Positive parenting and positive discipline are centered on instilling positive behaviors via the use of gentle and strong parenting methods. Here are some practical tips for positive parenting that can assist you in creating a calm, joyful household.
What Is Positive Parenting
Positive parenting is a parenting philosophy that is based on the premise that children are born with good intentions and a desire to do what is right. It stresses the value of mutual respect and the use of positive disciplinary guidelines. Parenting methods emphasize teaching future conduct rather than reprimanding previous wrongdoing.
Many contemporary parents adopt these gentle parenting ideas out of a desire to parent differently than they were raised. They are able to parent in ways that represent their family values and views via positive discipline. Positive parents are attuned to their children’s developmental stage, temperament, and requirements.
What You Do Is Significant
Parents serve as significant role models for their children, who learn proper behavior by observing their parents. This is a critical principle. What you do matters. Avoid reacting or acting on the spur of the moment. Consider the following: What am I attempting to achieve, and is this likely to result in that outcome? Whether it’s eating nutritious meals, exercising, being nice to others, or being honest, children are watching and looking to their parents for guidance on how to act.
You Cannot Have Too Much Love.
There is no such thing called “excessive” amount of love. Bear in mind that financial things or a lack of norms and boundaries are not synonymous with love. Simply said, it is impossible to pamper a kid with love. What we often conceive of as the consequence of spoiling a kid is never the result of a youngster receiving an excessive amount of affection. It is often the result of a parent providing a kid with stuff in lieu of love, such as leniency, reduced expectations, or material goods.
Participate in Your Child’s Life
Parenting entails plenty of responsibilities. Being an active parent requires time and effort and often requires reconsidering and changing one’s priorities. Frequently, this entails sacrificing your own desires in order to meet your child’s needs. Mentally as well as physically present.
At the same time, although parents should be there for their children, they should not take on all of their responsibilities, including schoolwork. Homework is a way for instructors to determine whether or not a kid is learning. If you do the assigned task, you are not informing the instructor of the child’s progress.
Adapt Your Parenting to Your Child’s Specific Needs
The age of a kid has a significant impact on how he or she acts. Recognize natural behavioral changes and assist them in their own growth and development. The same need for independence that drives your 3-year-old to constantly say ‘no’ is also what motivates him to be potty trained. The same cerebral development spurt that fosters your 13-year-curiosity old’s and inquisitiveness in the classroom also fosters her argumentativeness at the dinner table.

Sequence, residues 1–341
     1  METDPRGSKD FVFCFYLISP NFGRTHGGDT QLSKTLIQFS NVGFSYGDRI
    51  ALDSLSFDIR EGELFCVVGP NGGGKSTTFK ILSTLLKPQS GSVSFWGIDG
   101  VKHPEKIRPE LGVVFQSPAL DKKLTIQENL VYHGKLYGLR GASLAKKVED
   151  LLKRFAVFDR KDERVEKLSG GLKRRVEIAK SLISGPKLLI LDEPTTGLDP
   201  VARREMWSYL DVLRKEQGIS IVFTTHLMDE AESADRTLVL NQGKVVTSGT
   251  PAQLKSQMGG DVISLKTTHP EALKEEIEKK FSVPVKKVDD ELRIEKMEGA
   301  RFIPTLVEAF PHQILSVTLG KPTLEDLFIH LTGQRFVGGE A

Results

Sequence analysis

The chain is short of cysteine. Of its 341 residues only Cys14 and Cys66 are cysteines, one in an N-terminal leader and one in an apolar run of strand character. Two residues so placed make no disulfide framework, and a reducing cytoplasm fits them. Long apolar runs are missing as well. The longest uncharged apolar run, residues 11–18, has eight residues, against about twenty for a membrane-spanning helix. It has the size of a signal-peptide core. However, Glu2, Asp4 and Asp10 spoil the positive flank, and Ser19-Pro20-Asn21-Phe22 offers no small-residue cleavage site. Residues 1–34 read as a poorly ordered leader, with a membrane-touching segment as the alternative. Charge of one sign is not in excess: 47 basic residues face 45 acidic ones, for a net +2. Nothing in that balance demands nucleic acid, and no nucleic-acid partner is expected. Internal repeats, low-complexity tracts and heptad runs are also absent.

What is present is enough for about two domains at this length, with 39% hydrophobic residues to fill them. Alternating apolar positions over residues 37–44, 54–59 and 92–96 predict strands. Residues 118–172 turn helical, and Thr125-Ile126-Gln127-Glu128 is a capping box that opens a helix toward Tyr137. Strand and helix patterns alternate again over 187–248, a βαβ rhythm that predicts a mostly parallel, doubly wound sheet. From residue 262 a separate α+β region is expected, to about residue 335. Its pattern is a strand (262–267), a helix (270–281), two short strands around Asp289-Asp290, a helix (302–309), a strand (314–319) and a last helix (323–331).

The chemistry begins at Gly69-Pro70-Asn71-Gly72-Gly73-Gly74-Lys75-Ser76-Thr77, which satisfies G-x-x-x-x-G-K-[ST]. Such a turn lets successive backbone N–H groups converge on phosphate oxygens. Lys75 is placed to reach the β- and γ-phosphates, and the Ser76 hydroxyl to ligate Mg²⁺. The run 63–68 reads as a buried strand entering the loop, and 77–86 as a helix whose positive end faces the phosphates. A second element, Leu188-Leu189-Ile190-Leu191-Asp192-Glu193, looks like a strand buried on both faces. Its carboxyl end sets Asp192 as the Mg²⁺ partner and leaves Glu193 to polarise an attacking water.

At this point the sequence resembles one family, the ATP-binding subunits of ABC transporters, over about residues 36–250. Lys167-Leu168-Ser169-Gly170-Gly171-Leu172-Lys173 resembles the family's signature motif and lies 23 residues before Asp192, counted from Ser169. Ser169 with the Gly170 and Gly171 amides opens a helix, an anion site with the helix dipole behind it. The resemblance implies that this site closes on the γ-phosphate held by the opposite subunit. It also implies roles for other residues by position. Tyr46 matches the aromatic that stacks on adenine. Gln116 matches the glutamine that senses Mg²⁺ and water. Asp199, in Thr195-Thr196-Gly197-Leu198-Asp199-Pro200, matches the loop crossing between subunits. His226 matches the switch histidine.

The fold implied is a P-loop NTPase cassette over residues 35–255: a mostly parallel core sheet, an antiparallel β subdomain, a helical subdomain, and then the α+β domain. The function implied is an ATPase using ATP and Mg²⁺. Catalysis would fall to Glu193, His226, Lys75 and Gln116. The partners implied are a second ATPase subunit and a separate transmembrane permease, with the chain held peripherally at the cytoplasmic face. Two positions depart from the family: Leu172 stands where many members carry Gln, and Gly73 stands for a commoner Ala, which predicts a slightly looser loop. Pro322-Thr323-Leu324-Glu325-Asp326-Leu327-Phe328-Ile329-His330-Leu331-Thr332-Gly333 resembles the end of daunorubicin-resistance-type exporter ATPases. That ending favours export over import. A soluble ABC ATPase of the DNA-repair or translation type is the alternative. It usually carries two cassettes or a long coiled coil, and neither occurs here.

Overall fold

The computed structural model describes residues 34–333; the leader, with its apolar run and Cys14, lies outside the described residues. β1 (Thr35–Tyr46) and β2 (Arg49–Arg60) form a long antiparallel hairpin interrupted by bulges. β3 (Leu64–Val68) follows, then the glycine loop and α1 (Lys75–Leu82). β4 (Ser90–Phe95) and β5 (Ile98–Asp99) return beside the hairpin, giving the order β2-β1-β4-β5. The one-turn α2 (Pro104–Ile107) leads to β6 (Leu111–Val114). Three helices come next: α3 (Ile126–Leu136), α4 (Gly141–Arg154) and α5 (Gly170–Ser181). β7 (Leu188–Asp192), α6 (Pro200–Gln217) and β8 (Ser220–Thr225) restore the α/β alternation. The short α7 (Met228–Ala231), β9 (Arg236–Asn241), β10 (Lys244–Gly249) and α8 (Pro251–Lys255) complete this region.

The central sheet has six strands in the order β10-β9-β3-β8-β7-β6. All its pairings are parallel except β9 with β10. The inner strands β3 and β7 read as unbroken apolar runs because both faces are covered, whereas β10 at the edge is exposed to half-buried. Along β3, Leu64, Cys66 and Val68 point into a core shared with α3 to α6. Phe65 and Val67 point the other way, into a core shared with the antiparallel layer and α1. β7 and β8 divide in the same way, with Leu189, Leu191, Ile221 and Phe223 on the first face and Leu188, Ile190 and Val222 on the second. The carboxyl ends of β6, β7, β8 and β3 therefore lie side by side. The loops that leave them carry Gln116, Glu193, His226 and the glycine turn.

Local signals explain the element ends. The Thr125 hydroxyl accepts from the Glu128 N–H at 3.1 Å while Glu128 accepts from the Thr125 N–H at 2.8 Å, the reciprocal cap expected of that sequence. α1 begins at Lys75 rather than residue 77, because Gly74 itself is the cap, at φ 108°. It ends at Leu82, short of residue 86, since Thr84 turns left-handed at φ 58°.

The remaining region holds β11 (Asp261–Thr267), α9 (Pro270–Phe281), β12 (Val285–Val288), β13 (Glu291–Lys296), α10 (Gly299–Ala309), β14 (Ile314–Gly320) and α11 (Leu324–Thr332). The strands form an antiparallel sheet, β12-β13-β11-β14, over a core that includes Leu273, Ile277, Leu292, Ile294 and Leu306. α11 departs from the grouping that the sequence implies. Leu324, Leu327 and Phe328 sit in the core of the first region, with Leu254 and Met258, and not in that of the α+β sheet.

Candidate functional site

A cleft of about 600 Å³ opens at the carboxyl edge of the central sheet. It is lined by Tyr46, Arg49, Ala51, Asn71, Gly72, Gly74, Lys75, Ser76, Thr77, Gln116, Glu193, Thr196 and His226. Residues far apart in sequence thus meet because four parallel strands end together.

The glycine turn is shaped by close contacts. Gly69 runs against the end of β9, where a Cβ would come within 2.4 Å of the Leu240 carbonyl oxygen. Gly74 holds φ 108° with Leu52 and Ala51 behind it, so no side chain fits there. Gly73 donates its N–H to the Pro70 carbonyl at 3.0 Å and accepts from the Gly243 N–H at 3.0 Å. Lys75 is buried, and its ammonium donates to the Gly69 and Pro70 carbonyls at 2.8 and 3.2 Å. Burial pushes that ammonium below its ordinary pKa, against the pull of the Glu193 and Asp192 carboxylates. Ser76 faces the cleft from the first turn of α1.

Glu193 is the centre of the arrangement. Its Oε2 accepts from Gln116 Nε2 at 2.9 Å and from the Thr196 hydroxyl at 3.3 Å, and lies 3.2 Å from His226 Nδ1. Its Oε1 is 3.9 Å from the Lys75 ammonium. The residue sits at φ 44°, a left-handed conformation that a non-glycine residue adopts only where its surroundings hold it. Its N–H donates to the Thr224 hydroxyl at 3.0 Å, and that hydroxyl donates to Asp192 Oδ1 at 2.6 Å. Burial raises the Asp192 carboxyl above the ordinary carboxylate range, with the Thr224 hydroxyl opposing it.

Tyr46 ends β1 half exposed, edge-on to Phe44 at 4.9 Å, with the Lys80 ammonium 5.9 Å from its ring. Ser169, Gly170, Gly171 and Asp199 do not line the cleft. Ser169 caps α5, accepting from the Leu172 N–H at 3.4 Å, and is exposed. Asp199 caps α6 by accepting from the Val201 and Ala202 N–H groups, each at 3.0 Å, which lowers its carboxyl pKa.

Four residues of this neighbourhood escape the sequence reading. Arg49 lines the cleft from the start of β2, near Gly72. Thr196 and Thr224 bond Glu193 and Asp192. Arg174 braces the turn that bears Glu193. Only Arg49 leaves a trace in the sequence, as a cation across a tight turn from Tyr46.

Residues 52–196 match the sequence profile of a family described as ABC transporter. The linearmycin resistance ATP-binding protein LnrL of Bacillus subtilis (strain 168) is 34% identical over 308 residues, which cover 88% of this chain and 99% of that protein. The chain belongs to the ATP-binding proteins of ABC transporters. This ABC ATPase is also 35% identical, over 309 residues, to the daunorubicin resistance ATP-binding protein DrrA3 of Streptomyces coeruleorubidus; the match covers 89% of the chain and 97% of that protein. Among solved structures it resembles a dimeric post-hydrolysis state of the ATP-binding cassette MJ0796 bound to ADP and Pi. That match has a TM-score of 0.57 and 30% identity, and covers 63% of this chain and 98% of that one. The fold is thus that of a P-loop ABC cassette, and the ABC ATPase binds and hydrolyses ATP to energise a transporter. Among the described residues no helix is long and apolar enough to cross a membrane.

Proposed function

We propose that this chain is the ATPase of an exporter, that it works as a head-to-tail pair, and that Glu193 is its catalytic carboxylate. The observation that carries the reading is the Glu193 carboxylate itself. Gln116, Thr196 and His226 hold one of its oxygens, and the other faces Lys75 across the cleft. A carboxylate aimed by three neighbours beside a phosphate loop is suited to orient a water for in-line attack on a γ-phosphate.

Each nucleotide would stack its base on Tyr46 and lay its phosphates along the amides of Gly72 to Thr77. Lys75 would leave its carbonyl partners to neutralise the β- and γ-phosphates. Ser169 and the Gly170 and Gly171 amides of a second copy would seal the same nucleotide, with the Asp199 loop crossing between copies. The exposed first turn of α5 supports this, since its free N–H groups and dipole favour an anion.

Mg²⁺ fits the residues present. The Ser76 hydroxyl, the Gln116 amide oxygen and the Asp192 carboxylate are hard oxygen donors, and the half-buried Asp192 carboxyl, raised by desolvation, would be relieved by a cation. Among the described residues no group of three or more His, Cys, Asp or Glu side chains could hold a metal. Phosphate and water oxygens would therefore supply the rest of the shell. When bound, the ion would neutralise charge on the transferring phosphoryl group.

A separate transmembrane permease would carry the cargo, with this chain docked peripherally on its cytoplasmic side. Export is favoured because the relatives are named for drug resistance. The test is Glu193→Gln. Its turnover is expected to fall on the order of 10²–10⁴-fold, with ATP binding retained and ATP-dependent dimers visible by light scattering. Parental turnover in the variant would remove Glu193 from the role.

Establish and Set Regulations
When a kid is younger, it is critical to assist him with self-management since this teaches him how to control himself. If you do not control your child’s conduct when he is young, he will have a difficult time learning to govern himself when you are not there. You should always be able to provide answer to these three questions, regardless of the time of day or night: Where is my child? Who is accompanying my child? How is my kid behaving? The rules you teach your kid will form the rules he applies to himself.
Parents should remain engaged as their children get older while enabling them to develop independence. You are in no position to micromanage your child’s behavior. Once your kid reaches middle school, you must let them do their own schoolwork, make their own decisions, and refrain from interfering.
Children need boundaries.
Establishing boundaries teaches your kid self-control. Encourage your child’s independence to help them develop a feeling of self-direction. He’s going to need both to be successful in life. It is natural for youngsters to want autonomy. Numerous parents incorrectly associate their child’s independence with rebellion or disobedience. Children strive for independence because it is human nature to prefer feeling in control to feel dominated by another. While these behaviors may provide difficulties for parents, they are necessary for child growth.
Establish guidelines and adhere to them consistently. If your rules change significantly from day to day or are only enforced seldom, your child’s disobedience is your responsibility, not his. Consistency is your primary disciplinary weapon. Make a list of your non-negotiables. The more your authority is founded on knowledge rather than on might; the less likely your kid is to question it.
Avoid Discipline That Is Too Strict
Discipline on a physical level is never an option. Children who have been spanked, slapped, or struck are more likely to fight with other children. They are more prone to be bullies and resort to violence in order to resolve conflicts with others. There are many other methods of disciplining a kid – including ‘time out’ – that are more effective and do not entail violence.
Justify Your Decisions and Rules
Establish clear, age-appropriate expectations and ensure that they are communicated to the kid in a language he understands. Good parents set high standards for their children to live up to. In general, parents explain too much to little children and too little to teenagers. What may seem self-evident to you may not be so to a 12-year-old. He lacks your priorities, judgment, and experience.
Respect Your Child